Paul Joseph Klens died January 29, 2022, at his home in Naples, Florida. He was born on April 22, 1954 in North Plainfield, New Jersey, to Paul Frank Klens and Shirley Rock Klens, the second child of four siblings.
He grew up in Clintondale, Pennsylvania – a small village surrounded by farm fields in Nittany Valley where he enjoyed exploring the countryside in all weather and hiking up the mountains near his home, with his siblings and family dogs. He also enjoyed fishing in his younger years and never missed an opening day of trout season – no matter how cold – standing side by side with other anglers along Fishing Creek near his home. In later years he fished by the Oswego River and along the St. Lawrence River in NY and in Florida.
Early in his youth he demonstrated a creative design interest and curiosity, building models from balsa wood of planes, buildings and kites, among other constructions. He was also an enthusiastic model rocketeer. This talent served him well in his future studies and career. Paul graduated from Bald Eagle Nittany High School in 1972. In the summers he worked in construction trades and traveled.
He attended Penn Tech College in Williamsport, and then enrolled in Antioch College where he participated in their travel/work study program which took him to Belize and Okracoke Island, North Carolina, alternating with classes on campus in Ohio. He transferred to Pennsylvania State University, graduating in Agricultural Mechanization, in the College of Agriculture, where his grandfather graduated in 1911 (his mother referred to his undergraduate academic career as his “10 year plan to get through college”). Paul earned a Master’s degree in landscape architecture at North Carolina State University and began work in his chosen profession, holding licenses in several states including Florida, where he practiced for the balance of his career as a very well-known landscape architect. He retired from this profession in 2021 but continued to consult and work with long-time clients in the Naples area. His work included urban planning, commercial and residential projects along the Gulf Coast.
In the course of his life he traveled through almost all the European countries, across the United States, Central America and in Canada. He was fond of friends he made from Monaco to Mill Hall, PA and retained special friendships for many years.
Paul loved his wife Lynda and his family. He enjoyed building wooden models of classic boats and built a full-scale reproduction of a small boat, that he christened in honor of his mother, “The Shirley R.” His early creativity lent itself to practical and beautiful landscape designs and he enjoyed gardening, having come from several generations of avid gardeners. He also enjoyed cooking and hosting friends and family. In his semi-retirement he was looking forward to working on a landscape design for a family member. He was also looking forward to resuming an interest he had at Penn State; where he studied with renowned artist Kenneth Beittel, in pottery courses. He was also planning to work on several small woodworking projects.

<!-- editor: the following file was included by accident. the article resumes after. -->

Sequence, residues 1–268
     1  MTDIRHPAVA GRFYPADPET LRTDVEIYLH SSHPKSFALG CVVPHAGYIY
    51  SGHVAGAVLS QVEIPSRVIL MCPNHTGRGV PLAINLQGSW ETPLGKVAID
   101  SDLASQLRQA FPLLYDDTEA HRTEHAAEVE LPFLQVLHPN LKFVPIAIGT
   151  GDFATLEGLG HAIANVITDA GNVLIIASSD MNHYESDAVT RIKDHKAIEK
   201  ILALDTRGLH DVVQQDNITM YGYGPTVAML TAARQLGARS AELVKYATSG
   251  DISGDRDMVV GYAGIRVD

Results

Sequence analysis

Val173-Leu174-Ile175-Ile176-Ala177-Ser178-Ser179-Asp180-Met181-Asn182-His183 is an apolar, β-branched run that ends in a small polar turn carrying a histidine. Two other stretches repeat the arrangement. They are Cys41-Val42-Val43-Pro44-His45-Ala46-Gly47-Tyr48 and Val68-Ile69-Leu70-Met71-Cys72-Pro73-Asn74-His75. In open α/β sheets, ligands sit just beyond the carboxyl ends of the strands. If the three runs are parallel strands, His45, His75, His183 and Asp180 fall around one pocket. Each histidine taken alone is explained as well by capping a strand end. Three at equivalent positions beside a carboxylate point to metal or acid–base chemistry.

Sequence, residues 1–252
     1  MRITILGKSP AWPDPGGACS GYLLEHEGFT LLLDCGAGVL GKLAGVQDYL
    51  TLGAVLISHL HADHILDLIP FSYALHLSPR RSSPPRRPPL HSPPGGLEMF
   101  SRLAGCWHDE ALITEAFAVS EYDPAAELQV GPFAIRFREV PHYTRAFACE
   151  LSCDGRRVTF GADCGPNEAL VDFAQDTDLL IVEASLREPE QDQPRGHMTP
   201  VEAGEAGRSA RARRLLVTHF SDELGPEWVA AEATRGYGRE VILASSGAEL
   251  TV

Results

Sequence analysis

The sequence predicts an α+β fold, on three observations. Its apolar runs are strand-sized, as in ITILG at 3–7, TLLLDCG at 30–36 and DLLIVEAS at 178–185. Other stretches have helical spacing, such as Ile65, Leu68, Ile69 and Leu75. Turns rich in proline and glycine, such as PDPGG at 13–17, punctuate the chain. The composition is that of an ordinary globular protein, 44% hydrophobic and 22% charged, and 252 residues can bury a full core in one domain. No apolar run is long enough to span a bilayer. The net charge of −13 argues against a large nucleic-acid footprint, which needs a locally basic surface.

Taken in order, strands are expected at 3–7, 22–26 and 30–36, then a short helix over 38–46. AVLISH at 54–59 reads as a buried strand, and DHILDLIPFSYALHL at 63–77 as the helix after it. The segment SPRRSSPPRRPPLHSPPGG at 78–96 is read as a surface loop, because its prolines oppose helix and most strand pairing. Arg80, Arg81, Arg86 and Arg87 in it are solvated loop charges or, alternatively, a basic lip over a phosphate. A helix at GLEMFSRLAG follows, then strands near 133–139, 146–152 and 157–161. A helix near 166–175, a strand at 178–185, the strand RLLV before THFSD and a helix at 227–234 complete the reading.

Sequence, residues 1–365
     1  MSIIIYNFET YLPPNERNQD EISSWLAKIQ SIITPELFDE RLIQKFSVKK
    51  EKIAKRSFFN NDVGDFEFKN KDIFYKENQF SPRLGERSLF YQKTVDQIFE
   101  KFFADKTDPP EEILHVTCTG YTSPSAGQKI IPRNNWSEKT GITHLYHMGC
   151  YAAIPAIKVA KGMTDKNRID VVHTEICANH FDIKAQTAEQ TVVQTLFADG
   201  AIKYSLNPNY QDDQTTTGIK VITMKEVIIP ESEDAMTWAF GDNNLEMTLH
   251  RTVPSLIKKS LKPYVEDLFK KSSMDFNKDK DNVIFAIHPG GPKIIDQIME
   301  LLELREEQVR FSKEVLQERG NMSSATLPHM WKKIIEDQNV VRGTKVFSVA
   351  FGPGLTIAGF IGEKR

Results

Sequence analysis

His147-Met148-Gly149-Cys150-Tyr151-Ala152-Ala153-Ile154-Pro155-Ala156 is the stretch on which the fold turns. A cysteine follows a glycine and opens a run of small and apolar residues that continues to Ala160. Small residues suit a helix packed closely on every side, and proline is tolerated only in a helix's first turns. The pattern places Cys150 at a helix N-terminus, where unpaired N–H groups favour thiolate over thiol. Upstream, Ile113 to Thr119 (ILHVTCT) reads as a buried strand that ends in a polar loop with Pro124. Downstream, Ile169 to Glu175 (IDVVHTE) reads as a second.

Paul is survived by his wife, Lynda Brown, his children Joseph Klens and William (KC) Klens, his sisters, Elizabeth Klens Wilson (Jon Wilson) of State College, PA, Deborah Klens-Bigman (Vernon Bigman) of Bronx, NY, Julia Klens Caprio of Knoxville, TN; nieces and nephews Tessa Cortes, Michelle Wilson Ivicic, Matt Wilson, Jon Sumner Wilson, Steffan Paul Wilson, and 11 great-nieces and nephews.
He cared about animal welfare issues and enjoyed the company of various pets since his youth, including his beloved German Shepherd, Tigger, a constant companion for many years. He and Lynda also adopted rescue cats, of whom he was fond and could never turn away. Their seven cats include Gator, Ibis, Icon, Mona, Mia, Molly and the newest edition Tommy.
A memorial will be held at a future date. Gifts in memory of Paul J. Klens can be made to: 100+ Abandoned Dogs of Everglades Florida Rescue. (100plusabandonedogsevergladesflorida.org). Arrangements are being handled by Shikany’s Bonita Funeral Home.